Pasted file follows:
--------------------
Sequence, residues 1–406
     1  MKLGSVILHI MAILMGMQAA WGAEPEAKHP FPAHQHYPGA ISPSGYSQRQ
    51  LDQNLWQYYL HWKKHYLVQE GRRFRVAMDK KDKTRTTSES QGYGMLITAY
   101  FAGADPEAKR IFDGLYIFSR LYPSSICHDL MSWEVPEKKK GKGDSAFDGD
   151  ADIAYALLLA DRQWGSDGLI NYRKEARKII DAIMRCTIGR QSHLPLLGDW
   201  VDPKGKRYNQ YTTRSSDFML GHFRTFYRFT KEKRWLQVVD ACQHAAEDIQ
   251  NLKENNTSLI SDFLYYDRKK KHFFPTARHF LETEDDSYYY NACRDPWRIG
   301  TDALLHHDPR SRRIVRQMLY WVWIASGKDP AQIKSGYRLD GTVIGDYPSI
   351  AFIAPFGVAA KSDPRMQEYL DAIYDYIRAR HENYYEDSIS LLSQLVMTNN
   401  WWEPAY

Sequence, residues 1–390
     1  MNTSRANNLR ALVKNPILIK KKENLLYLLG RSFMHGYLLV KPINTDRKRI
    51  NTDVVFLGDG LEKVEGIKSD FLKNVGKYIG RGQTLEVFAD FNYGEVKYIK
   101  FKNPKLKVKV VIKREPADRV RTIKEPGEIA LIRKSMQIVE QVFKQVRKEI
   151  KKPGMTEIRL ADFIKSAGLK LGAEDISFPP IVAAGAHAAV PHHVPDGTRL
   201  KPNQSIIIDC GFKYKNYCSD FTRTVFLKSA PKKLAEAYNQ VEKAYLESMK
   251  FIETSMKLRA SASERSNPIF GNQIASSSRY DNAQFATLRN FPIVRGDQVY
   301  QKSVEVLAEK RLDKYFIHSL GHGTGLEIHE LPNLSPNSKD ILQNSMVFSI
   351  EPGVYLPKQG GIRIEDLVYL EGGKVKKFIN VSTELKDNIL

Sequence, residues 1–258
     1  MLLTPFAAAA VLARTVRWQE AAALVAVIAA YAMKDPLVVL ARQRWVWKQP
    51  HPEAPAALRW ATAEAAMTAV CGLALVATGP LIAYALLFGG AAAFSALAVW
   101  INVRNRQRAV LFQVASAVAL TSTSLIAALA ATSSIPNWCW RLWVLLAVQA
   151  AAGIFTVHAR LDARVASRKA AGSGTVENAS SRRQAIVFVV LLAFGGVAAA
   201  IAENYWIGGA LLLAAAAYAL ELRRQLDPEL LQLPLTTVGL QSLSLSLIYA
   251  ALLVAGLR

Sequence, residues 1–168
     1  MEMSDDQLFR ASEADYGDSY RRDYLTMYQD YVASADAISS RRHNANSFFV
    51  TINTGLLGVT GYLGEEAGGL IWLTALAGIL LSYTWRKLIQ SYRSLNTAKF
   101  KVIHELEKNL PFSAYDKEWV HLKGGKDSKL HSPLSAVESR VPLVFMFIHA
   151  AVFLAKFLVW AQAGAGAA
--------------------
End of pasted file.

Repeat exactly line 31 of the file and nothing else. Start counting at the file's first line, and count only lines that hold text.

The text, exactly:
   151  AVFLAKFLVW AQAGAGAA